Tuesday, December 21, 2010
Saddle Up: UNLV, K-State on the rebound
By Eamonn Brennan
Saddle Up is our semi-daily preview of the night's best basketball action. It really needs to get a workout in before the holidays.
UNLV vs. No. 11 Kansas State, 9 p.m. ET, ESPN2: At this point in the season, you probably didn't think we'd be debating which team, UNLV or Kansas State, is better. But it's a legitimate debate.
Both teams are impressive in some ways and deficient in others. Kansas State has its stifling defense and preseason All-American guard in Jacob Pullen, but the Wildcats have struggled on offense, scored just 44 points in Saturday's loss to Florida and were blown out the last time they played in the Sprint Center by a vastly superior Duke team. UNLV has its solid all-around play and the offensive brilliance of Chace Stanback, but the Rebels have lost two out of their past three, including a home loss to UC Santa Barbara last week. Both teams need a bit of a rebound from those disappointing recent results; both teams need to get their variously high aspirations back into the realm of the realistic.
For Kansas State, that means a few things. For one, the Wildcats have to find some offense; last season's No. 13-ranked offense (by adjusted efficiency, of course) is this season's No. 74. That's due in large part to the disappointing play of Pullen, who is missing from the perimeter more than he did last season and going to the foul line far less. As a team, Kansas State is the second-worst in the nation (!) at getting to the foul line, and a chunk of that blame rests on Pullen's shoulders.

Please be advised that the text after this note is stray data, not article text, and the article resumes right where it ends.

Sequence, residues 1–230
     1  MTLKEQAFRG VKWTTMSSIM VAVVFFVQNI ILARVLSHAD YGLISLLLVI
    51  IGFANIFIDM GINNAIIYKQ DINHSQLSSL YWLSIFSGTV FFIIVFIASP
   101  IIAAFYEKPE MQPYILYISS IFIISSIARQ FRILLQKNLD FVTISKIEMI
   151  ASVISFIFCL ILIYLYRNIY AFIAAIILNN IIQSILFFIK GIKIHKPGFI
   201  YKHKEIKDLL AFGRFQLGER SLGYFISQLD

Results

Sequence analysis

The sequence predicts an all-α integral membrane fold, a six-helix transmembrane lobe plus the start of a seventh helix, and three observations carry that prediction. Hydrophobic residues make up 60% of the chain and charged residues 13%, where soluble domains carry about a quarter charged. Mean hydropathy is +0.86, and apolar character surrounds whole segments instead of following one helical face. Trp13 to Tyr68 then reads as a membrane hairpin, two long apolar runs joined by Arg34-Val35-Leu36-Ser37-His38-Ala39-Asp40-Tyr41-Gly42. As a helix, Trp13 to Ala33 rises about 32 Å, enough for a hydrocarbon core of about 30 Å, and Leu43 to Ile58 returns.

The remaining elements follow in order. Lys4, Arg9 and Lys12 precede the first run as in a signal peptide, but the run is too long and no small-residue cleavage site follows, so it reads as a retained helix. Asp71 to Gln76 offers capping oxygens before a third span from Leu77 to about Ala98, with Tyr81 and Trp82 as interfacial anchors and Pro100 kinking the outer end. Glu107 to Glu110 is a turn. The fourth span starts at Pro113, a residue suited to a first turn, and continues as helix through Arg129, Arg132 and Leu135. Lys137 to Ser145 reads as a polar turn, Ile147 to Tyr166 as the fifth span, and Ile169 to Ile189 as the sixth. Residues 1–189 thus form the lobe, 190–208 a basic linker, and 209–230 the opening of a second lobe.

For UNLV, it means finding a way to keep Kansas State off the glass. The Wildcats are good at one thing on offense so far this season: chasing down offensive boards. They're the 10th-best team in the nation at grabbing their own misses. UNLV is the 214th-best at preventing offensive rebounds. That smells like trouble for the Runnin' Rebels. Kansas State may not be shooting well or getting to the foul line, but if UNLV can't keep them off the glass, the first two factors might not matter all that much.
Either way, this should be a good one. Pomeroy's computers give Kansas State a 53 percent chance of winning, as good an indicator as any that tonight's lone marquee game will be hard-fought, tight, and full of intrigue until the very last drop. And no, I will not apologize for that mixed metaphor. It's been a long day.